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Should Bengals draft a center to compete with Russell Bodine?

After Russell Bodine's overall performance at center in 2014, should the Bengals keep open the possibility of drafting legitimate competition for him? Or should they not address the position other than a late-round backup?

Kim Klement-USA TODAY Sports

The Bengals drafted Russell Bodine out of North Carolina in the fourth round of the 2014 NFL Draft, 111th overall. They even traded a late-round pick in order to move up to get him (imagine Paul Alexander in the Bengals draft war room, imploring Mike Brown, Marvin Lewis, and Duke Tobin to trade up).

Bodine had mixed grades, some naming him worthy of a third-round pick and others calling him not much more than a round 7 prospect. His relatively short arms (32.5 inches) raised concern, but he demonstrated great upper-body strength with 42 reps of 225 pounds, making him literally the strongest man at the NFL Combine.

With Kyle Cook's release before the draft, Bodine was immediately tabbed as the starting C. He had good moments here and there, but overall, his 2014 season was a mixed bag. Pro Football Focus, which judges players based on extensive film review, gave Bodine an overall score of -15.6, ranked 33rd out of 41 qualifying centers.

Bodine also finished seventh out of eight rookie centers. Fellow mid-round picks Bryan Stork (Florida State to the Patriots) and Corey Linsley (Ohio State to the Packers) were among those who easily outperformed Bodine.

It became clear that over time, the Bengals consistently schemed their offensive line game plan to help out Bodine. Namely, Kevin Zeitler (PFF's 5th-best RG), Clint Boling (8th-best LG), or a pulling Andrew Whitworth (the top offensive tackle overall) would assist Bodine on a block. Rarely did Bodine have to consistently take on a DT or NT one-on-one over the course of a game. This game plan worked sometimes, but other times, it would simply lead to an unblocked defender and a negative play. On tape, Bodine wasn't completely "terrible", but he was clearly the weak link on an otherwise good line. In 2013, Cook had an overall -4.8 grade, which is not good. But no matter your perceptions of Cook, it is a fact that the Bengals didn't scheme to compensate for him to the extent that they are with Bodine.

Bodine's overall play, although not completely terrible, will not cut it for future seasons. He doesn't need to ever be a Pro Bowler, but he must play better than his Ghiaciuc-level 2014. That said, Bodine was a rookie, so he deserves a little bit of slack. He did have a few good moments in his rookie year and has some physical upside, so one doesn't need to completely abandon faith in him yet.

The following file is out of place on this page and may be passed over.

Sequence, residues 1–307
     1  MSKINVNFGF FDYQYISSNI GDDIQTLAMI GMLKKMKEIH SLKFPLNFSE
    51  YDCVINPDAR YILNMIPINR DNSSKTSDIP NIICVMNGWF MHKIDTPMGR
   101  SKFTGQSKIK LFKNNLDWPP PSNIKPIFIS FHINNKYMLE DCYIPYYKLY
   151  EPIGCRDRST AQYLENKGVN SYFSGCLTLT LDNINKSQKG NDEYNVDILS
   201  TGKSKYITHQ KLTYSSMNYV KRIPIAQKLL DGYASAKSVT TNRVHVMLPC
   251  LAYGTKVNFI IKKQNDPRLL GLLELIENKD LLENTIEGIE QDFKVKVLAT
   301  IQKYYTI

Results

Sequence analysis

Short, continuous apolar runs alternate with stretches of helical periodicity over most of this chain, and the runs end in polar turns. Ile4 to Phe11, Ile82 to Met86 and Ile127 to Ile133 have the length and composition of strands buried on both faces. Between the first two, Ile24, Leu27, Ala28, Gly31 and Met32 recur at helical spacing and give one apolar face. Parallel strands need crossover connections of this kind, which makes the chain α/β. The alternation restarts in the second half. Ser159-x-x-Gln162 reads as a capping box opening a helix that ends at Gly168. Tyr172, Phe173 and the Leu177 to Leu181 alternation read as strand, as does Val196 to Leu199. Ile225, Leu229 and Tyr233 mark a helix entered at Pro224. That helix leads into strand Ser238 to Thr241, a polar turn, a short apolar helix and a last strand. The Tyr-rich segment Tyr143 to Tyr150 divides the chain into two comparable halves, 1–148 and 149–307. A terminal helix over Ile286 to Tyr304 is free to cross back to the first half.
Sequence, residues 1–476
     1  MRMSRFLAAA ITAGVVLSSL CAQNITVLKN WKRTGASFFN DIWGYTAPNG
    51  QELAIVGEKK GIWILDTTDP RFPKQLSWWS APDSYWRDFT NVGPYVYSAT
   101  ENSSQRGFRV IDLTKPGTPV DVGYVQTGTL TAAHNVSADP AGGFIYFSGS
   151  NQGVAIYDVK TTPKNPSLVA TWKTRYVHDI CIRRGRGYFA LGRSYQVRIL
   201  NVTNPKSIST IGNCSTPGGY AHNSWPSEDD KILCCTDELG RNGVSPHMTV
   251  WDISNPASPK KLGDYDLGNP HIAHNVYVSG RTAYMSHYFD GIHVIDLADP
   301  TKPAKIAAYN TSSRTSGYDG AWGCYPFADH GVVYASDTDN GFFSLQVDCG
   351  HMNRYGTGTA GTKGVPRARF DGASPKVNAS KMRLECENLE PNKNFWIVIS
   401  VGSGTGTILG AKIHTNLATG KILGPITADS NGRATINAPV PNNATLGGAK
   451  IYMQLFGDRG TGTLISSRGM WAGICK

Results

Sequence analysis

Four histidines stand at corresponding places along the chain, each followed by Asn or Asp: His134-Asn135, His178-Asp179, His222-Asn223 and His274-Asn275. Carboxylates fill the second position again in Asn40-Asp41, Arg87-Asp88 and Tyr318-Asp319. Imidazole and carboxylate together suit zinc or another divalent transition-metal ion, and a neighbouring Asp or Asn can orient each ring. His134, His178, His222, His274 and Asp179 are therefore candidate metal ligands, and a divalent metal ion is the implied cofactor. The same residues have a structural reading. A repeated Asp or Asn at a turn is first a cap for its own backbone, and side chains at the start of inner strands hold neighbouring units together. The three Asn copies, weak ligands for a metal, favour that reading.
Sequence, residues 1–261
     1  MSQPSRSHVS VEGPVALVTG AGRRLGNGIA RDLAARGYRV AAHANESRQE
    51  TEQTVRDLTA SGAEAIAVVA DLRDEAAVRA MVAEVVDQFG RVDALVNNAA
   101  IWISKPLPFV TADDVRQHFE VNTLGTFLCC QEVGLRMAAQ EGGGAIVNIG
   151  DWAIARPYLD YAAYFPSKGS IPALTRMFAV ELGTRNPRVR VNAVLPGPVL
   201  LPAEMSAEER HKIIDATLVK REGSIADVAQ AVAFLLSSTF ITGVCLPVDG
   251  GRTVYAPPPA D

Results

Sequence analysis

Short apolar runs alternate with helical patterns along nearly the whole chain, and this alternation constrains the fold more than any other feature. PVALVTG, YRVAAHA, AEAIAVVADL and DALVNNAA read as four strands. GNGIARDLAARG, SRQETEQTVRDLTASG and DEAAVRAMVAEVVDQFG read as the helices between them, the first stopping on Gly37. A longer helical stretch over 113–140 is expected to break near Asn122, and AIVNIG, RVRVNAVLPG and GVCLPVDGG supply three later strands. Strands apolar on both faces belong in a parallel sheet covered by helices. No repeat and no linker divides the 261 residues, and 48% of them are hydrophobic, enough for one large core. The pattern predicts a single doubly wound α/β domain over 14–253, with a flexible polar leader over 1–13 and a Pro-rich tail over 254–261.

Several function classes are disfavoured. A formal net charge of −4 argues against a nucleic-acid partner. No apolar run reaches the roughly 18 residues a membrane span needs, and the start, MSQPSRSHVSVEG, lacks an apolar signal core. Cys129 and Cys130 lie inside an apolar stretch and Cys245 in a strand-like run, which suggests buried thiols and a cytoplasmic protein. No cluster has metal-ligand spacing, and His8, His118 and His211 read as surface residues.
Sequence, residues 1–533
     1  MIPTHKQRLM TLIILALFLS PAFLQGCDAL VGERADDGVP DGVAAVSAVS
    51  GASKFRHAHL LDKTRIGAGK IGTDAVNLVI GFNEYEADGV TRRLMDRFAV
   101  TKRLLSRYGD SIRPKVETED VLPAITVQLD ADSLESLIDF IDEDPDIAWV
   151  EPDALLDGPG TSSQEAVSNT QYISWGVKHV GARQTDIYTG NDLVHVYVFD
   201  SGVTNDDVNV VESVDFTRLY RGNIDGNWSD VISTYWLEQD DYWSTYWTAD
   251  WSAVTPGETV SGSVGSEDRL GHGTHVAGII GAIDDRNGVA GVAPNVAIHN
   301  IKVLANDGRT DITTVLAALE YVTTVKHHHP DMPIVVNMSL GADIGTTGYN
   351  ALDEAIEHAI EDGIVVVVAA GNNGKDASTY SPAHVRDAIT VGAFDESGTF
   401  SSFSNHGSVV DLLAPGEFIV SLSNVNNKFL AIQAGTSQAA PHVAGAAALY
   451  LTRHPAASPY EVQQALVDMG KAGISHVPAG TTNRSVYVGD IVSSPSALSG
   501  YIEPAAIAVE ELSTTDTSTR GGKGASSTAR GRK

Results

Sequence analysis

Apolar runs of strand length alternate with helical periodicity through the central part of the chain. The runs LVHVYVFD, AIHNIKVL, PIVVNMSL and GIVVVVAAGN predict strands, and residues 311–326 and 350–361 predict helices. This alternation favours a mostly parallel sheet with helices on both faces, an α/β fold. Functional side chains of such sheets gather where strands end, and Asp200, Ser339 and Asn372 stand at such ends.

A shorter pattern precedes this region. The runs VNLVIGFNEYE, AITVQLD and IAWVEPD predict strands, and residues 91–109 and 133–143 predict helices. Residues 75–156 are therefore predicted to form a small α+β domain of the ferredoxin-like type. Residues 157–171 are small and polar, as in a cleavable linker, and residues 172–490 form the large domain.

The real question is whether Bodine has room to improve to become a better C in the future, or whether he is Eric Ghiaciuc 2.0. Ghiaciuc, also a fourth-round C, started three seasons for the Bengals. He played at the same level or worse than Bodine in 2014, and in 2006-2008 the rest of the OL wasn't good enough to compensate for him. It was clear that Ghiaciuc wasn't cutting it, but the Bengals stuck with him anyway for some unknown reason (though the answer likely involves Paul Alexander). Will Bodine be a repeat of history, or will he become better than that?

There are three "good" C prospects in this draft. They are Reese Dismukes of Auburn, Hroniss Grasu of Oregon, and Cameron Erving (who also plays OT and G) of Florida State. In each of the last three drafts, only one C has been taken in the first two rounds: Peter Konz in 2012, Travis Frederick in 2013, and Weston Richburg in 2014. Before that, the history is normally either only one or two taken in the first two rounds.

That means it is highly plausible that at least one or possibly two of the "good" C prospects - Dismukes, Grasu, or Erving - could fall to the Bengals' picks in round three. Over The Cap projects the Bengals to receive an extra third-round compensatory pick for the loss of Michael Johnson, thus giving the team two third-rounders if that happens. And the Bengals don't necessarily have to wait until round three; they can address the position earlier if they want to.

Mike Pollak has been released, and T.J. Johnson has not received an actual rep at C in over a year and has been exclusively a guard for a long while. This means that the Bengals will almost certainly look at C in the draft. Should the Bengals keep open the possibility of drafting a C in 2015 for legitimate competition, meaning one of those top-tier prospects in one of the first three rounds? Or should they refuse to address the position until the later rounds and draft someone who would only be a backup?

Bodine belongs on the roster in some capacity, meaning he would still be a serviceable backup even if he lost his starting job. But does he have room for major improvement as a starter, and thus should the Bengals consider taking a top-tier C prospect?